Long before the hour of morning services, standing room was unattainable in the Baptist church. The G. A. R. and Woman's Relief Corps met at their hall and marched to the church, over a hundred strong, where seats had been reserved for them. The floral decorations were lovely. Over the pulpit, embowered in evergreens, were the portraits of Lincoln, Garfield, and Lyon, embellished with stars and the words, "Im Memory of our Dead Heroes." On either side hung the stars and stripes, while at the left of the pulpit stood a marble monument, festooned with crape and wreathed with flowers. The front of the pulpit was a perfect sea of beautiful flowers and plants; all the decorations exhibiting the taste and energy of the ladies of the Woman's Relief Corps. The music, vocal and instrumental, was sublime. The national airs by the cornet orchestra, Messrs. Crippen, Roberts, Bates and Shaw, with Miss Lola Silliman, organ accompanist, thrilled the audience and elicited the highest praises. "There is one vacant chair" and "Lincoln's Funeral March" were especially fine. The music to the latter was rearranged for the orchestra by Mr. Crippen and as rendered by them stands absolutely unexcelled. The strains were as low, sweet, and perfect as though wafted from fairy land. The selections of the choir, Mrs. J. S. Mann, Miss Lena Walrath, and Messrs. Buckman and Silliman, with Miss Silliman at the organ, also exhibited unique musical taste and ability. "Rest, Soldier, Rest," by Sargeant, and "Cover them over with Beautiful Flowers," one of Will Carleton's most beautiful poetic productions, were rendered entrancingly. Rev. B. Kelly and Rev. J. H. Reider assisted in the pulpit exercises.
The Memorial address was delivered by Dr. W. R. Kirkwood. For depth of thought, pathos, polish, and practical application, it shines as a diamond. With much pleasure THE COURIER presents it in full.
REV. KIRKWOOD'S ADDRESS.
"Then ye shall let your children know, saying, Israel came over this Jordon as dry land. For the Lord your God dried up the waters of Jordon before you, until ye passed over, as the Lord your God from before us, until we were gone over: that all the people of the earth might know the hand of the Lord, that it is mighty; that ye might fear the Lord your God forever." Joshua iv:20-24.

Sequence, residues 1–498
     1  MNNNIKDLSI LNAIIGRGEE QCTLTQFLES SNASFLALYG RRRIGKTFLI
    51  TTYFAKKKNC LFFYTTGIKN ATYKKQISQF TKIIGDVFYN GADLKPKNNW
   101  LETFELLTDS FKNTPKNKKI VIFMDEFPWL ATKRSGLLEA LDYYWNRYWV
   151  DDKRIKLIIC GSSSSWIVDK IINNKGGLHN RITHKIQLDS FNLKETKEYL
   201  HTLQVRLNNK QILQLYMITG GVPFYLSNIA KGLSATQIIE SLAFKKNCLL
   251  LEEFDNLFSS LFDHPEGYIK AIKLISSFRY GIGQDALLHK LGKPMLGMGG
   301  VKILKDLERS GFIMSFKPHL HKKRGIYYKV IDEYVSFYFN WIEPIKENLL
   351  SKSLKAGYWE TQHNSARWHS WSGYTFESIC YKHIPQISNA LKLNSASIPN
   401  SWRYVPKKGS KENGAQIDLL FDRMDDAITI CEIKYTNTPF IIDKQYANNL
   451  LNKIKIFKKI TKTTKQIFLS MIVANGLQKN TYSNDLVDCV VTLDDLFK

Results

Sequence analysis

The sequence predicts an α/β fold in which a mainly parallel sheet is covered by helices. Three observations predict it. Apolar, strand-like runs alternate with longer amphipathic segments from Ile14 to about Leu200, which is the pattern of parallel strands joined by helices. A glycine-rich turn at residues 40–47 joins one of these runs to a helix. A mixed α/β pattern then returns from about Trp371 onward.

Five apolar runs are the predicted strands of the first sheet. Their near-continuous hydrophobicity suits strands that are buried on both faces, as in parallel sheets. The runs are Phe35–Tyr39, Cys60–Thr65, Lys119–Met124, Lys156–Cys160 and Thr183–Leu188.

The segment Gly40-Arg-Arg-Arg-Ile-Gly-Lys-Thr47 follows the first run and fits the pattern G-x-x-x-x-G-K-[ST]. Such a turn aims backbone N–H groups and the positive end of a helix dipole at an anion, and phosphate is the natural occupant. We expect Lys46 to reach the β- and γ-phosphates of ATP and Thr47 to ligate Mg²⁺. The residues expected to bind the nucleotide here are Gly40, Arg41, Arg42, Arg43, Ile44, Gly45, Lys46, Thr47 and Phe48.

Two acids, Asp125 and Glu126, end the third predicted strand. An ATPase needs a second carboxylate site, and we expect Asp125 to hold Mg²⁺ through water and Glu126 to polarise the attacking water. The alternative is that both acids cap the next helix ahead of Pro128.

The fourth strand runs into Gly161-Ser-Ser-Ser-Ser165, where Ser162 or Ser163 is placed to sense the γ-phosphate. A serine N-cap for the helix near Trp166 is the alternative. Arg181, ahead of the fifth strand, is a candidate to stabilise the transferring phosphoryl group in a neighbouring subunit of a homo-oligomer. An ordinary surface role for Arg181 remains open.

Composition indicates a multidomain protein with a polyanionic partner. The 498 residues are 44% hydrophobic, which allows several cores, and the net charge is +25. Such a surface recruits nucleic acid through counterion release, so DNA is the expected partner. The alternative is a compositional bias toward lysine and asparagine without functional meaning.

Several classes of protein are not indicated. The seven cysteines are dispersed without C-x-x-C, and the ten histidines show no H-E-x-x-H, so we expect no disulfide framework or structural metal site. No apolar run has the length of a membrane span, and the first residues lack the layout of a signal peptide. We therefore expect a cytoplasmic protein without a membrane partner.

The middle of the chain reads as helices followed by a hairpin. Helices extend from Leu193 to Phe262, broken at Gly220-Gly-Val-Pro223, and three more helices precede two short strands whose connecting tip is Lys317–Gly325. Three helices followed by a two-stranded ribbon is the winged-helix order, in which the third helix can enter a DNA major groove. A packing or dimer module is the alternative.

In the sermon I am called to preach today it is necessary to revert to matters which, of necessity, are painful to many--may I not say to all? Yet more painful to some than to others.
I trust you will remember I am to deal with historical facts, and the lessons they teach; that the facts stand out in bold relief and cannot be changed; that the lessons follow necessarily, and are of the gravest importance for all, now and hereafter. I trust you will be candid enough to believe that I do the work before me in no spirit of bitterness, but only in the spirit of reverence for the truth, regard for the best interests of posterity, and kindliness to all.
It is always becoming to erect memorials of past deliverance. They serve to keep the memory green in the hearts of posterity, and awaken gratitude to the God of providence and grace. With the deliverance of Israel from the bondage of Egypt, and their safe conduct to their own land, you are all tolerably familiar. That the memory of this deliverance was devoutly cherished, you know. That they set up memorials thereof, you know.
It seems to me, under the present circumstances that this instance of their building a memorial pillar furnishes a good foundation for the lessons I wish to teach today. We, as a people, have passed through a great and bitter trial and it is fitting that our deliverance should be properly remembered. Of this, what memorials are set among us?
1. The cemeteries owned by the general government, where sleep the long lines of soldiers who died in behalf of the great republic.
2. The cemeteries in which are graves marked by the stones bearing the insignia of war, and the dates of service rendered by the men who sleep beneath the sod.
3. The day, annually observed as Decoration day, wherein the people gather in companies to wreath the graves of the dead heroes with flowers and evergreens.